The Oak Park village board voted unanimously Monday to reinstate previously withheld 2019 grant funds to the Oak Park Regional Housing Center (OPRHC). The board had suspended payments to the center after it had failed to turn in its semi-annual and second quarter reports to the village government on time. The board also voted to extend the deadline of the center’s 2018 financial audit, required under the 2019 funding grant agreement, until the end of the month.

“It’s a small victory,” said Athena Williams, OPRHC executive director. “It’s not just about getting the money for me or the agency. It’s about the establishment and the community.” The released 2019 funds will be used to pay the center’s bills and its staff.

OPRHC is still facing a potential cut of all its village funding in 2020 as the village board prepares its budget for next year.  

“The language in the agreement which is the same as all your traditional partner agencies, it says that you are required to prepare an audit by law, and you have to do it within six months of the end of the fiscal year,” said Cara Pavlicek, village manager.

Trustees Jim Taglia and Deno Andrews both said it was reasonable to extend the audit deadline.

Audit results then need to be presented to the village within 30 days of its completion. According to Pavlicek, the center’s results should have been presented at the beginning of August. 

“I was wondering, have we ever withheld funds from partnering agencies for similar reasons?” asked Trustee Susan Buchanan. 

“We haven’t had this level of failure of compliance. We have sent out similar letters with other, not partners, but other vendors or contractors of the village or developers when they’re out of compliance with agreements that the board has,” Pavlicek said. “We’ll use the provisions in the agreement to send notice of default to give them formal notice to cure.” 

Pavlicek said putting down hard deadlines was a “last resort,” but staff doesn’t have the power to waive deadlines.   

“We were told by the housing center that the audit would be delayed. We were told a much earlier date that we’d get it and it wasn’t until recently that we learned that the engagement was now starting and so that’s why, again, we felt we needed to bring it to the board to grant the waiver because we, as staff, aren’t allowed to waive requirements of your agreements,” the village manager said.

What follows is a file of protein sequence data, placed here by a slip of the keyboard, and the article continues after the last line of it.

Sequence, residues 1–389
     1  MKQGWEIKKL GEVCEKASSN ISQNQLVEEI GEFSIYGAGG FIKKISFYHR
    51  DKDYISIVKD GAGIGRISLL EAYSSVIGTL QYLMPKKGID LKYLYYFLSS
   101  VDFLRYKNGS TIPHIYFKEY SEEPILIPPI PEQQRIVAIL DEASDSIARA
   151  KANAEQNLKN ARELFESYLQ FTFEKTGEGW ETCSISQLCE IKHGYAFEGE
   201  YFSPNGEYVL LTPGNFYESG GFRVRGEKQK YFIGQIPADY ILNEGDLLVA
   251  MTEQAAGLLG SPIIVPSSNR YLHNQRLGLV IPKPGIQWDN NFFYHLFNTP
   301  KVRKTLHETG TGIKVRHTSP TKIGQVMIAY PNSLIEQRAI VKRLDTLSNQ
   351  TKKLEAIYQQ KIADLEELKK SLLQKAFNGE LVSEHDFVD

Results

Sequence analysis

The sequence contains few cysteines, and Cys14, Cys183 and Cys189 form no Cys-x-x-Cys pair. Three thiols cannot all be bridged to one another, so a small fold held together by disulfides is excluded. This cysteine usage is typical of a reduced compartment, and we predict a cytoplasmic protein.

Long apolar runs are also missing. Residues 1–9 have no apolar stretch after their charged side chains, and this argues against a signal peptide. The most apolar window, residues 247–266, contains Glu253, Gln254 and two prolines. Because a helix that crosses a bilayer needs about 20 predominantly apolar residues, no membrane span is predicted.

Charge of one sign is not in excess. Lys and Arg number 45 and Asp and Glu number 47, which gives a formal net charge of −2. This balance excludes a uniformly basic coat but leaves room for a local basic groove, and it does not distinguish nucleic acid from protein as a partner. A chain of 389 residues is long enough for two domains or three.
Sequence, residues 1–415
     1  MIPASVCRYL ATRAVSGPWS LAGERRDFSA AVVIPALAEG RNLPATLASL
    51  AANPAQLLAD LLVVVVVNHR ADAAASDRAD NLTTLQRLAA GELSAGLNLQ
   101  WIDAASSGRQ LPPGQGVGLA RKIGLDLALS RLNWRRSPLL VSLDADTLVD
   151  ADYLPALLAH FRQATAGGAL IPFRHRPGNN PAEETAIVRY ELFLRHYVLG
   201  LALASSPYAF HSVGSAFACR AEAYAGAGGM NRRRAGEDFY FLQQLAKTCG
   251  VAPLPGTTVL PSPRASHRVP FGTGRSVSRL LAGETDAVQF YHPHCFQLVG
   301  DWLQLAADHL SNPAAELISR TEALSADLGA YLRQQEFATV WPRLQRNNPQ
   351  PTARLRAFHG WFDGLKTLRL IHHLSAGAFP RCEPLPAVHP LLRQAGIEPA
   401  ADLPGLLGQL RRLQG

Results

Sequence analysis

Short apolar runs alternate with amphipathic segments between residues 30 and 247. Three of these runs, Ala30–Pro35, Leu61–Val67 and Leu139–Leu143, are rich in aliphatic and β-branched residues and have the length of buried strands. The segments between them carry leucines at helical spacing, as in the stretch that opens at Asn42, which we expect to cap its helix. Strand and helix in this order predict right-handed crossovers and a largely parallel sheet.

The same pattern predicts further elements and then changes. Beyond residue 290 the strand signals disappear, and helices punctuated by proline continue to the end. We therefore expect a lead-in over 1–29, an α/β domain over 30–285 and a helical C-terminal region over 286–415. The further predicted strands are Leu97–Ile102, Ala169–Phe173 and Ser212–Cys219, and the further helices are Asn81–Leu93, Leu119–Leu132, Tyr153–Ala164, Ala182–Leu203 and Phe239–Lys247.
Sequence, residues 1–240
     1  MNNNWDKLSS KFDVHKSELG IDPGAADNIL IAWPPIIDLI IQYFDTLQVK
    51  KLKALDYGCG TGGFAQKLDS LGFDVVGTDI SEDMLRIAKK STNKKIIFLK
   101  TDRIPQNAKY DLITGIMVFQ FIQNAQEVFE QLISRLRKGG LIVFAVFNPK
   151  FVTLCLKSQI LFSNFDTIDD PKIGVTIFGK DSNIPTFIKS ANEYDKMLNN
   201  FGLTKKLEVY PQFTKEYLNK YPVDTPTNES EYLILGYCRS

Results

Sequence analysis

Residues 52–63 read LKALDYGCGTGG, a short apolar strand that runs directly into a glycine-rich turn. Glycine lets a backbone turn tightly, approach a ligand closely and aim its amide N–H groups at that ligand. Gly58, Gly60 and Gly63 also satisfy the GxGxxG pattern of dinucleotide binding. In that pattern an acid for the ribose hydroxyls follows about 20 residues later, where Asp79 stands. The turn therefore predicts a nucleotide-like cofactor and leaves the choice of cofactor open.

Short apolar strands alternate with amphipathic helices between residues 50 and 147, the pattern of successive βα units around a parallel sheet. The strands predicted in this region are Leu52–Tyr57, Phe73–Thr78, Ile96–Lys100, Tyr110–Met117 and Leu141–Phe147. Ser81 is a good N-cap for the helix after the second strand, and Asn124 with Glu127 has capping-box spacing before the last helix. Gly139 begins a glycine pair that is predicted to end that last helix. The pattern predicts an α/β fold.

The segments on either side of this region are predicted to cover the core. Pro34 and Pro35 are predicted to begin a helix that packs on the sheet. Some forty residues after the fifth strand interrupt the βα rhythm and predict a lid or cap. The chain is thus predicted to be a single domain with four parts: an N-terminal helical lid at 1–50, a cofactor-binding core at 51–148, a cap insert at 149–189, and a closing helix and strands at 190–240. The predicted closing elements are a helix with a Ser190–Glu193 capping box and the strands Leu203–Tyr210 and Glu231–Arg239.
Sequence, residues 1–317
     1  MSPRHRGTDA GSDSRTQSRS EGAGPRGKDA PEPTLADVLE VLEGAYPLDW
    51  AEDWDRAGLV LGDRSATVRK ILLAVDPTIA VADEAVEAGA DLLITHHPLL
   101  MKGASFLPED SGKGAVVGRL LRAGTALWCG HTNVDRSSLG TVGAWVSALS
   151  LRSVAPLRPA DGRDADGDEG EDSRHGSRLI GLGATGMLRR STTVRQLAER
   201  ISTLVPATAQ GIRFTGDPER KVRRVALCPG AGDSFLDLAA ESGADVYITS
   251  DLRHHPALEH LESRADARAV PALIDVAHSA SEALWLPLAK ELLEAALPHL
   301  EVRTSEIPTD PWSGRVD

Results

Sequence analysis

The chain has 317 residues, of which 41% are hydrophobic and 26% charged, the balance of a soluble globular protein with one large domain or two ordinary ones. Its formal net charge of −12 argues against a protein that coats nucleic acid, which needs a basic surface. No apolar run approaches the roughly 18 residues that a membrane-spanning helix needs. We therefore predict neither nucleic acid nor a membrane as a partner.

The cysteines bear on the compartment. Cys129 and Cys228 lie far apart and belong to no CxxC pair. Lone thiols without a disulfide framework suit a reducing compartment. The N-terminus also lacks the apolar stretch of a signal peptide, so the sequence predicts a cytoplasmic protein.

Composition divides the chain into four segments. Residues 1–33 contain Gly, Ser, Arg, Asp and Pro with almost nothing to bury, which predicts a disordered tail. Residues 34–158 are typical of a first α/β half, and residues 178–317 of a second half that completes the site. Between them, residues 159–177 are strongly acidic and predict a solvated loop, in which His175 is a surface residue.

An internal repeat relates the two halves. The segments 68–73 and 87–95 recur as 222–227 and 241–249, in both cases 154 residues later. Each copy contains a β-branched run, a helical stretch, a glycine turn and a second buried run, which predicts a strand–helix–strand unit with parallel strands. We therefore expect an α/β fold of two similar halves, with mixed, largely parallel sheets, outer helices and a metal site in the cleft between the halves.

Trustee Arti Walker-Peddakotla asked Pavlicek to clarify what she meant by “this level of failure of compliance.”

“It’s not unusual to be a couple weeks late on delivery of audit or agreements,” Pavlicek said. According to her most partners do everything on time. Pavlicek, citing the transition of multiple executive and interim executive directors at the housing center during the 12 months, said the village did not receive the response they needed from OPRHC.

“Our role is to be consistently evaluating multiple agreements, whether it’s with the partners or vendors for what we contract with people to do, and almost all of those agreements have default provisions,” said Pavlicek.

 “This wasn’t a couple weeks delay; this was a couple months,” Pavlicek said. She didn’t recall if OPRHC had ever been late to turn in audit results in the past, but she did say she remembers reminding the center to turn them in, which isn’t unusual. 

Walker-Peddakotla who wasn’t at the previous Oct. 28 finance committee meeting during which OPRHC gave a presentation vying for continued village funding for 2020, voiced her support of the center. 

“What we’re voting on tonight is about the 2019 budget, but we still have the overall question of are we going to fund them in 2020,” she said. Walker-Peddakotla also said that maintaining integrated housing, OPRHC’s mission, takes effort. 

“I think that, as a village, if we say we value integration and we value racial equity, then we shouldn’t be putting an organization – the only organization – that really focuses on integration, which is a core value of this village, we shouldn’t be putting them in a place where they cannot meet their payroll needs or they cannot actually sustain their business,” said Walker-Peddakotla. “What the housing center does is difficult work. It cannot be done by the village. It cannot be done by most other agencies.”

Walker-Peddakotla also disagreed that the village is a good partner to OPRHC just because it foots the bills. 

“The village, in my opinion, has systematically undermined the housing center by removing the core tenets of the partnership from when it was created,” she said. 

Walker-Peddakotla said that there used to be a working relationship between the center, village and landlords. According to her, that relationship no longer exists. She also cited a former program the village had that provided loans to landlords for property maintenance.  

“In my opinion, we should be funding them fully for 2019 because those funds were already passed by the previous board before I got on and we should be funding them fully for 2020,” said Walker-Peddakotla. 

The village budget for next year won’t be voted on until later this year, so whether the village will continue to fund OPRHC in 2020 remains to be seen.

Post has been edited to fix a typo.

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